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Interview with Paul Baloche

Interview with Paul Baloche

By Admin on October 10, 2016

Interview w/ Paul Bloche by Steven Reed

The ministry of Paul Baloche has literally touched the lives of millions of people around the globe. His 1997 song, “Open The Eyes of My Heart” is still in the CCLI top 100. We caught up with Paul over the phone this week to ask him about life, keys to longevity in ministry, and about his new album that just released on October 7th. With the bustling sounds of a New York street in the background, one of the most influential worship leaders humbly imparted some incredibly massive wisdom for any worship leader to follow. How to stay fresh, hear the voice of God, how to reach millennials, where the best worship songs come from and much more. Read the interview here and get ready to take some notes. 

All About Worship: Paul thanks for taking the time to talk to us today.

Your ministry has had such a massive platform over so many decades that some people consider you the ‘Godfather of Modern Worship’ and yet others may just now be learning about you.

When you meet people for the first time how do you describe what you do?

Paul: I try to help others worship through songs and training resources. Really, I just want to help others worship. That’s the simple answer. I leave it up to them if they want to Google my name and see the rest.

It also depends if they are a stranger or a believer. If my Jewish neighbor were to ask me, “Hey Paul, what do you do?” To keep the conversation alive I would maybe say, “I’m a musician. That I play guitar and write songs”, cause you if you tell someone right off the bat that, “I do Christian music” it shuts it down right away.

All About Worship:  For those of us who have such a rich history in worshiping God to the songs you’ve written, what is your response to the gratitude people express? 

Paul: I think people are very kind and I’m always super encouraged in my spirit, not for my ego but in my spirit. I’m especially encouraged when people comment about the training resources that I made years ago by faith, as it almost seemed presumptuous to make them. I thought, “Who am I to make a guitar video? You know, Phil Keaggy should be making this,” but it was just a desire to pass on some things I’ve learned.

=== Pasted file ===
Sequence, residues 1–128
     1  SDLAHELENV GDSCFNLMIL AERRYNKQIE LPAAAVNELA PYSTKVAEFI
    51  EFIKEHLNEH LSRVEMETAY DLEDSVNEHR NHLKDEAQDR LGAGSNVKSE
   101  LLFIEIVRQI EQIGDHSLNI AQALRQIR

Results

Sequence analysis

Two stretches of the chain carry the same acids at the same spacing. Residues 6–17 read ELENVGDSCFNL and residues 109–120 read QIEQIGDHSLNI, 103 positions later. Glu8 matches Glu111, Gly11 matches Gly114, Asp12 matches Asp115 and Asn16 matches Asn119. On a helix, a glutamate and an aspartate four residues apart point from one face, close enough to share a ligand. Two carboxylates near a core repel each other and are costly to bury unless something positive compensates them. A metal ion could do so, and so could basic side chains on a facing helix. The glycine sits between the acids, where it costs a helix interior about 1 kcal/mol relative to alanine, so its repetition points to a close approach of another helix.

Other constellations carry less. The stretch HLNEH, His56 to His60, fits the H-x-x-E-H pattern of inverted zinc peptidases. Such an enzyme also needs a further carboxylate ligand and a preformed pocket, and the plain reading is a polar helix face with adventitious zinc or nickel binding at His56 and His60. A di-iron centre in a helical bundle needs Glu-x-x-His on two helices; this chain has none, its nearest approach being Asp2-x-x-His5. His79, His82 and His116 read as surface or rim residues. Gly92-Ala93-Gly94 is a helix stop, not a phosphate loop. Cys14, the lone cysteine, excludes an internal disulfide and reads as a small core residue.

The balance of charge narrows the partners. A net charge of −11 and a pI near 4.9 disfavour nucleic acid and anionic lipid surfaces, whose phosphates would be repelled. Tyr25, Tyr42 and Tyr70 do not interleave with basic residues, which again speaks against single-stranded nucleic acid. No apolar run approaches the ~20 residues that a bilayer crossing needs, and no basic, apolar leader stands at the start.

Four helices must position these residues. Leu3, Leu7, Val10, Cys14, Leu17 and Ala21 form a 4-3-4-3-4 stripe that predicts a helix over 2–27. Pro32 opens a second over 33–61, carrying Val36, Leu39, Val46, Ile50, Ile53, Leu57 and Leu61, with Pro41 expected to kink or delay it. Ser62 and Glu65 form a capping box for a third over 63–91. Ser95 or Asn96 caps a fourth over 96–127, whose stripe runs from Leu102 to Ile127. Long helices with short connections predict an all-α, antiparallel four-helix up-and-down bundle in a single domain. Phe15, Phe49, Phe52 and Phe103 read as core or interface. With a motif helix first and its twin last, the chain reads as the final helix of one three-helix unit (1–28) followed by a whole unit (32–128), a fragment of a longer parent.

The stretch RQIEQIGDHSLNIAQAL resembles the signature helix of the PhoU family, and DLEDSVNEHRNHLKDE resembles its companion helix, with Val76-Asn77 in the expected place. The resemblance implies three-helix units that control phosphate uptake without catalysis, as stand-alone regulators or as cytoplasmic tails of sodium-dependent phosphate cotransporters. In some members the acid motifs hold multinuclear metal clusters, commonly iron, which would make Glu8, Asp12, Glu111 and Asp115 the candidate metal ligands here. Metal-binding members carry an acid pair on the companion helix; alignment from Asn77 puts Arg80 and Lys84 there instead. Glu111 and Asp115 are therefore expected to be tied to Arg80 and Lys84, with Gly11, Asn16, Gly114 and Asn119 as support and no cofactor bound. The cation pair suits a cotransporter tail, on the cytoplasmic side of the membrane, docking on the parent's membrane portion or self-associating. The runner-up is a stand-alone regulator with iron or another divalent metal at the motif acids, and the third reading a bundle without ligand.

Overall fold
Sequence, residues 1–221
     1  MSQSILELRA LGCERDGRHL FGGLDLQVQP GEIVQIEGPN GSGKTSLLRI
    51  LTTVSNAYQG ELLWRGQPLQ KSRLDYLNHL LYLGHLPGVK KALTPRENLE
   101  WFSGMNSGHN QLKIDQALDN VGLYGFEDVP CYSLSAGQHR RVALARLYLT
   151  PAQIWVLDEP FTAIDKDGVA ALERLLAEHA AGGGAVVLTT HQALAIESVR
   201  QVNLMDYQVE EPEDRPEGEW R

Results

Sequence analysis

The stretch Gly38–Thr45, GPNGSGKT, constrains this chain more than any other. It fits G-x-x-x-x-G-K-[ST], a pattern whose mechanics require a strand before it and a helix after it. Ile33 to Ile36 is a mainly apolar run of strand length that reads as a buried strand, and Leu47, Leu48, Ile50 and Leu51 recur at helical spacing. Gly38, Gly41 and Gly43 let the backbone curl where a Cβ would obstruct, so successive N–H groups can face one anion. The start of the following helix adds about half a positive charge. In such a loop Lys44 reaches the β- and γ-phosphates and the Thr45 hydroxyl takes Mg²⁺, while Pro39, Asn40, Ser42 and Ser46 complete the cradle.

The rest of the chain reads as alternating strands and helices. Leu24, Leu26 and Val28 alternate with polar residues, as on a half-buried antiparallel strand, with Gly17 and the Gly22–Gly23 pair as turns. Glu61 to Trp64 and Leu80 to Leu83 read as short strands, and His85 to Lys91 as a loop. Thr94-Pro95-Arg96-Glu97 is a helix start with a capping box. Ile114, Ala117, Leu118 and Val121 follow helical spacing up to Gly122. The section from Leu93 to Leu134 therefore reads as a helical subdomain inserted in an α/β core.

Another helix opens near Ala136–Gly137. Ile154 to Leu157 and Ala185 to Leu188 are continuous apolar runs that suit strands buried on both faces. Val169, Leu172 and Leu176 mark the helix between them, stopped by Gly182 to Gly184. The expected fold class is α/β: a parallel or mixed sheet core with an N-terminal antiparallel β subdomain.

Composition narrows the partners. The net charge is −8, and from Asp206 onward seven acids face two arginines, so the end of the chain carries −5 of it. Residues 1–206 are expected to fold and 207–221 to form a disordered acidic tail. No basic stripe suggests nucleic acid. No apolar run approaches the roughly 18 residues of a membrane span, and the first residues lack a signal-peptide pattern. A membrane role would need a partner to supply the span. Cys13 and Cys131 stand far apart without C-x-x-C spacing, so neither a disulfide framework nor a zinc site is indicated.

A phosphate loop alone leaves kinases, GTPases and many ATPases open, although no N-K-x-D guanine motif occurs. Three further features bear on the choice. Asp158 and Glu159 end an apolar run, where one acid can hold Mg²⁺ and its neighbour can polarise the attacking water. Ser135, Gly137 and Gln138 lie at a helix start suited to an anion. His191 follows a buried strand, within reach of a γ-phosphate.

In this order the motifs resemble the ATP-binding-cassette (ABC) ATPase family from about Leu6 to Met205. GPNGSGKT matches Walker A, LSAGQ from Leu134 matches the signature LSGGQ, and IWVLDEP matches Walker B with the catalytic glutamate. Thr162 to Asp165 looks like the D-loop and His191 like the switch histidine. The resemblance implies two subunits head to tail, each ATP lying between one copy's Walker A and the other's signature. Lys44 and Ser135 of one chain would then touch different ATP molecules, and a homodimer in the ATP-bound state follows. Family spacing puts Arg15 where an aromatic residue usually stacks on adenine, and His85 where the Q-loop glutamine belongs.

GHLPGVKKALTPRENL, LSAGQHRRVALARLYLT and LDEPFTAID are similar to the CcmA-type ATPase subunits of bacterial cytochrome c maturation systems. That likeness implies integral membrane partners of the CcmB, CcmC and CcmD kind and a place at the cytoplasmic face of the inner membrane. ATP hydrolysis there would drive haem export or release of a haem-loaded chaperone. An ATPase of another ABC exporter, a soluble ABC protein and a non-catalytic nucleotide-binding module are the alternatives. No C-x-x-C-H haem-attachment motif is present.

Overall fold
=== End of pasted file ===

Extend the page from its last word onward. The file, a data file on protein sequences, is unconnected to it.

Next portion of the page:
It’s really gratifying to meet people, who are in their 20’s whose dad had a set of my VHS videos, back before YouTube and all. To have them say something like, “I grew up learning guitar and worship from watching your videos and now I’m a worship pastor at such a church in such a city.” That just blows me away

Then there is another group of folks that have been touched by a certain song and again, usually, they are very kind. They will share some personal story about some sort of difficult time in their life when maybe one of the songs really helped them to process and get through. That again is humbling and super encouraging.

But for myself, I feel disconnected at this point. Not trying to be Mr. Humble here, but it’s a true feeling. I had a part in delivering those songs, almost like a mid-wife or something. I kind of helped birth the song but eventually the song grows up and becomes and adult and gets translated into 10 different languages. It becomes objective and I can appreciate it like, “Hey good for you little song, way to go!”

All About Worship: What does God have you doing in the season of life?

Paul: God has me continuing to be a husband of what will be 30 years next year, a dad, and recently a granddad. Just had a little grandson, so that’s on my mind. I want to stay healthy physically and spiritually. Live a healthy life to be available to my immediate family and have the energy to serve in ministry until God taps me on the shoulder and says that I’m done.

New York become home for us last year. After 26 years in the same church, same neighborhood, we moved to New York really because our kids grew up and then moved to here and to Philadelphia. Seeing the empty bedrooms and having the feeling like 25 years is maybe a good time, while the church is healthy and after the 2nd generation of worship leaders had been trained, to hand it over. We tested the waters a bit and thought, “let’s go down the road.”

You know Proverbs 3:6 says, “In all your ways acknowledge Him and He will direct your steps.” We’d all love a parchment to fall out the sky with the will of God written on it. Usually, it’s a bit more difficult. I find taking little steps towards the leaning of your heart, while acknowledging the Lord daily, and if you don’t feel any resistance or breaks then you should keep moving in that direction.